Three Mini Reviews for August
Here are three quick reviews of three very different books I read this month. A fanciful retelling, a time travel story with heart, and a nonfiction personal travelogue. Which of them appeals to you?
The Chosen and the Beautiful by Nghi Vo
Genre: Literary Fiction
Published 2021; 260 pages
This is a retelling of the Great Gatsby which I read so long ago that I only have the vaguest memory of the story. As I read this, it came back to me a bit, but this is clearly a different take. Still set in the 1920s and Gatsby is still a decadent, entitled person. Daisy is still an entitled flakey person. But the twist is that it's narrated by a new character who was adopted into one of the wealthy families - a young Asian woman (19-20) who isn't quite "in" but not quite an outsider. Jordan (not quite a name for the 1920's I think) is an interesting character: she's articulate, observant, a friend but in a removed way, a dabbler in magic. Here's the opening sentence:
"The wind came into the house from the Sound, and it blew Daisy and me around her East Egg mansion like puffs of dandelion seeds, like foam, like a pair of young women in white dresses who had no cares to weigh them down."
The writing style is befitting a retelling of Gatsby; it's elegant and slightly formal. It's feels very true to the era. But Jordan is a bit of a free thinker because she's 'different' and has had to find her own way. There's a bit of magic that I sometimes found confusing - it appears Gatsby has made a deal with the devil (?) and his property has a slight magical veil over it. Jordan has a touch of cultural, historic magic in that she can cut shapes from paper and they come to life. That whole aspect of the story felt appealing, but also felt a bit confusing.
Overall, I feel like it's a good version of retelling, keeping more to the original story than most retellings do, but not a 5 star for me, mostly due to the magic confusion.
Here and Now and Then by Mike Chen
Published 2019; 336 pages
I listened to this book and the audio was well done; the narrator managed a couple of accents and male/female voicing well. This is a time travel story that takes place in the 1990s and 2140s, as a time traveling secret agent has a landing go wrong and gets stuck in the 1990s for 18 years - against all rules he marries and has a child. Then another agent from the future finds him, takes him home (against his will; he doesn't want to leave his family) and as he returns to the future, his memories of that time start to return and he remeets his former fiance`. To her he's been on assignment a short time, but for him it's been 18 years!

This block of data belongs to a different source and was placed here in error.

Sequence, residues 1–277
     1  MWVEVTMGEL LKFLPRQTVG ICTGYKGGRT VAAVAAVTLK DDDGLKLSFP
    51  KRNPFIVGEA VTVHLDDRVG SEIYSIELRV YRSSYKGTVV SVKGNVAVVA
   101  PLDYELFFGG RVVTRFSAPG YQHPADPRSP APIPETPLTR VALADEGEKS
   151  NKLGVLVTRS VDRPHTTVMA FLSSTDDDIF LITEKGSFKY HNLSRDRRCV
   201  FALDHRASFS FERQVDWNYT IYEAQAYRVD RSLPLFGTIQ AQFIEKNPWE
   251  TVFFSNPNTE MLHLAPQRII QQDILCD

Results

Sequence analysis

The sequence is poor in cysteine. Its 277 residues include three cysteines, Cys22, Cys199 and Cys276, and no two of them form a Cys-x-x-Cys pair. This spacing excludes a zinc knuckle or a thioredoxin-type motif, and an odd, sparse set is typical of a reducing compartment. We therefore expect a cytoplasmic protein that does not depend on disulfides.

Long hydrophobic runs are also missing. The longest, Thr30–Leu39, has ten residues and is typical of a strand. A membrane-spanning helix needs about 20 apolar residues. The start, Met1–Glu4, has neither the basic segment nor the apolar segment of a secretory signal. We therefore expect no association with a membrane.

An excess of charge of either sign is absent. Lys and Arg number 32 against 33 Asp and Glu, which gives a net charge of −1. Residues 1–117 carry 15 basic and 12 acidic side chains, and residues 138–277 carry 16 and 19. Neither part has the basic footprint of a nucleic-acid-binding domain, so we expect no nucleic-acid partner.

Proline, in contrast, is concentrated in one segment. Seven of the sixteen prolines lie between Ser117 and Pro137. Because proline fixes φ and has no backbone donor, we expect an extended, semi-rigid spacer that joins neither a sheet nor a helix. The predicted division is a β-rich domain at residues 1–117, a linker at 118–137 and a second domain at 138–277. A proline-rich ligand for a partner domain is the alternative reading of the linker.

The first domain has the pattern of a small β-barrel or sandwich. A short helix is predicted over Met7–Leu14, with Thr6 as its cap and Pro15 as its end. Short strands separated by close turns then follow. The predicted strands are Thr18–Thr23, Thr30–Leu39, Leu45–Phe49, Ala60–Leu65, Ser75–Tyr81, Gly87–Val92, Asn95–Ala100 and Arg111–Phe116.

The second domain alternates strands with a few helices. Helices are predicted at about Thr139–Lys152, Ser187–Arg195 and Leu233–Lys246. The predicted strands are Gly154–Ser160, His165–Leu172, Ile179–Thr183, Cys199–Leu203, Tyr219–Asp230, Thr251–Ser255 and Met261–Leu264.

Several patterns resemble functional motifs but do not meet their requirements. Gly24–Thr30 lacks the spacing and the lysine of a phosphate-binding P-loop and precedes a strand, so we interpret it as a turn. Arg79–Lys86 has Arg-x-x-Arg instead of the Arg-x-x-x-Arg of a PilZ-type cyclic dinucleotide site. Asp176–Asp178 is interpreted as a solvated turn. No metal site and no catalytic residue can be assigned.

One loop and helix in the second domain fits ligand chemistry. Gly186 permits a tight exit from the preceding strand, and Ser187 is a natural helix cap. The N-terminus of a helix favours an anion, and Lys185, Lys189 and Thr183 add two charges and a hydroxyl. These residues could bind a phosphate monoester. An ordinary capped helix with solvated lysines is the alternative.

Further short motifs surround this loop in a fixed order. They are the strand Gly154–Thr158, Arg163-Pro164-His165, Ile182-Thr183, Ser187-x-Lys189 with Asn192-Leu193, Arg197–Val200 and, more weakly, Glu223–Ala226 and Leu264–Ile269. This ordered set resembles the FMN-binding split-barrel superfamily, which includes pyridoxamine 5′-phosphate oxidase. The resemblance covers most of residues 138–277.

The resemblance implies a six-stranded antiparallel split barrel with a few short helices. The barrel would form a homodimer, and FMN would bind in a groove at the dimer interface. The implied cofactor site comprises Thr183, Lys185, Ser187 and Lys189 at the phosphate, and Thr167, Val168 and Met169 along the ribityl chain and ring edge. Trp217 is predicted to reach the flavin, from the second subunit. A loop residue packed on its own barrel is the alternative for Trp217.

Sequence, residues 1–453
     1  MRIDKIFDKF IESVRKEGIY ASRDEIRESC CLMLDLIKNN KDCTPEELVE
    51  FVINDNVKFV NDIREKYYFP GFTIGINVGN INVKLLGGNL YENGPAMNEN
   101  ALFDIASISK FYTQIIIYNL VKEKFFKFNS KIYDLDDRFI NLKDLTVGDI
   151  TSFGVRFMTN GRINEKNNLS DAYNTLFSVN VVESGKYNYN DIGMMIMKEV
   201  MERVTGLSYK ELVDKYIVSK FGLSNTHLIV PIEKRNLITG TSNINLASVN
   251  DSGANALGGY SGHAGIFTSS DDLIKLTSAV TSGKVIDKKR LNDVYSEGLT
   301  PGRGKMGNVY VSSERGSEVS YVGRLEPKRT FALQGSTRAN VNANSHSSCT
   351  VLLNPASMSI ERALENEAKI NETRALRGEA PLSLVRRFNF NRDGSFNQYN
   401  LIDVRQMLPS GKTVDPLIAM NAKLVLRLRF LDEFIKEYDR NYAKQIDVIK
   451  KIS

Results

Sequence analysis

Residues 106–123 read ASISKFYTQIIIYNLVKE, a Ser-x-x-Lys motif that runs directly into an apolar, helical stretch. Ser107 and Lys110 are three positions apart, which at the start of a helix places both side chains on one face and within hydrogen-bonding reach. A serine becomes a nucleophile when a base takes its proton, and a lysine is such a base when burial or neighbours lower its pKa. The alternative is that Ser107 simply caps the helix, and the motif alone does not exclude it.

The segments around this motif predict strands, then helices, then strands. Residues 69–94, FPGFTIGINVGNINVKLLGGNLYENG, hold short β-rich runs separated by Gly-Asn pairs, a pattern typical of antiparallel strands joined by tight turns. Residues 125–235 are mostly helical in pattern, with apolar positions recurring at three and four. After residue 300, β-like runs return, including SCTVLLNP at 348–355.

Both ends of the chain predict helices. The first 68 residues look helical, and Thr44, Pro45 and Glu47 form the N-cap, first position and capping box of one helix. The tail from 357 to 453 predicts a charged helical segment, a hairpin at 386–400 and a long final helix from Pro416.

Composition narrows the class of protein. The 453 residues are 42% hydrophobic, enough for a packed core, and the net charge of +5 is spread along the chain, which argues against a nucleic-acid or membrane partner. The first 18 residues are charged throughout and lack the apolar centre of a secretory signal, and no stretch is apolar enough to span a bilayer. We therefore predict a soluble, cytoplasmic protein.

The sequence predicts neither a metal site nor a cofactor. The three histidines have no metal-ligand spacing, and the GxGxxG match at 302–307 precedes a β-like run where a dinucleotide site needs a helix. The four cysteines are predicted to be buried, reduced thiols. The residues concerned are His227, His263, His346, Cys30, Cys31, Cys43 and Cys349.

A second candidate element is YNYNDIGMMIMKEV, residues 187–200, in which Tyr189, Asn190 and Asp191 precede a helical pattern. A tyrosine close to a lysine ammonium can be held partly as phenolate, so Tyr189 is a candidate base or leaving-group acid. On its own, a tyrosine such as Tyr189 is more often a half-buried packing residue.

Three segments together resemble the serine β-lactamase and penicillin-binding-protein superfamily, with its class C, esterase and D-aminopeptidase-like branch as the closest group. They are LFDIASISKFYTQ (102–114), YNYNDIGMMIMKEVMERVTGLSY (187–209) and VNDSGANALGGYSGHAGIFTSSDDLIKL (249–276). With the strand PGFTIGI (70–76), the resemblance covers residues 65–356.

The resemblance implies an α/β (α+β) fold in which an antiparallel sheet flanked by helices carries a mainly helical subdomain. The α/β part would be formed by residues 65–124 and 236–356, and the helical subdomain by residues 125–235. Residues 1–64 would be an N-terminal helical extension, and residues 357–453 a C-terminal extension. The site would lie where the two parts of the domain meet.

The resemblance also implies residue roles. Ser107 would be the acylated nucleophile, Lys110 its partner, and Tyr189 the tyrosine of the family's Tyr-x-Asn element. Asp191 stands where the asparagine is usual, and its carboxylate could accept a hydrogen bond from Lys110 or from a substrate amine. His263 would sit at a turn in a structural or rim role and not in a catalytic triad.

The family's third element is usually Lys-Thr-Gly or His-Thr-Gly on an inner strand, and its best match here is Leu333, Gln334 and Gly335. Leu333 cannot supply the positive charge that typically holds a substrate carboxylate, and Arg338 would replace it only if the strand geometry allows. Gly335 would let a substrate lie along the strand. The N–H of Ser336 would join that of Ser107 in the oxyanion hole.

Once he returns to the future, the story focuses a lot on his sense of loss of his family and the difficulty reconnecting with his fiance`. He finds a way to use the current technology to look back and find his wife and daughter and doesn't like what he sees so sets out to change it (again, against all the rules).
The second half of the book takes on an epistolary mode as lots of emails are exchanged between dad, Kin, and daughter, Miranda. That allows us to be actively involved in both timelines. A series of events occur that force Kin to return to the past to try and save his daughter. The ending seems a bit rushed to pull all the ends together, but it's a satisfying conclusion. This is a very readable, imaginative novel that unexpectedly blends the wonder of time travel with a strong dose of love and family connections.
The Catch Me If You Can by Jessica Nabongo
Published 2022, 416 pages
This travelogue book is by the first black woman to visit all 195 countries and 10 territories in the world. Over several years, this determined woman traveled the world and identified two important revelations:
"First, most people are good. My journey was made possible by the kindness of strangers - some who opened their homes to me and others who donated money to help me reach the finish line. I do not know when we started to assume the worst in each other, but if you consider yourself to be a good person, why would you assume that a stranger is a bad one?"
The second lesson: "we are more similar than we are different. In the end, neither race, gender, social class, religion, sexual orientation, body type, education level, nor nationality make you better than the next person."
Nabongo is a photographer and this book is almost a coffee table book of the countries she visited. It does not include all 195 because she feels like she didn't have enough personal experience of every country to write about it. In most cases she traveled with friends, but she also ventured out alone in order to meet her goal - which took just a few years. Each country gets a few pages - some beautiful photos and a brief write up with her impressions, what she did/ate that she loved and people she met along the way. She talks about how she felt and was treated as a black woman traveling to some pretty exotic places - and it wasn't all sunshine and lollipops!
While not a travel guide, it does mention specific sights, restaurants, or events that she did that she loved. She talks about some touristy things and some that she avoided. It reads more like a personal travelogue. It's not necessarily a book to sit down and just read straight through like a novel. It's a book to fill it the bits of time around other things when you can savor the photos and her experiences.